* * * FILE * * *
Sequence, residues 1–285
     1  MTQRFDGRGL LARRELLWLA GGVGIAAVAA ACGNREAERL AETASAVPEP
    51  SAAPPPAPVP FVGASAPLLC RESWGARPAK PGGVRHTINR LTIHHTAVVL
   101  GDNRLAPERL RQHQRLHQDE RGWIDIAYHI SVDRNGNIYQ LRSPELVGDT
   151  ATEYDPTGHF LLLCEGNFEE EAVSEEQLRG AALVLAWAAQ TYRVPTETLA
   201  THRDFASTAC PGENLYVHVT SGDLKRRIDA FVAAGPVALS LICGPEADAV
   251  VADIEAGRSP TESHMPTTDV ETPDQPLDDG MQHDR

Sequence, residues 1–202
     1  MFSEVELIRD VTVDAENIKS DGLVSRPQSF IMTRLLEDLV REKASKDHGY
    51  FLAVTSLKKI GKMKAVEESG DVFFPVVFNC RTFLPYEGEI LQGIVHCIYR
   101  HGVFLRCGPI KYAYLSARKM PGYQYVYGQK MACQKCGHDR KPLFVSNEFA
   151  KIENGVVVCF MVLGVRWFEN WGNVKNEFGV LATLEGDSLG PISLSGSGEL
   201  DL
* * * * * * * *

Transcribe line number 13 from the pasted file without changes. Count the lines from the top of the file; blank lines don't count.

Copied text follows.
   201  DL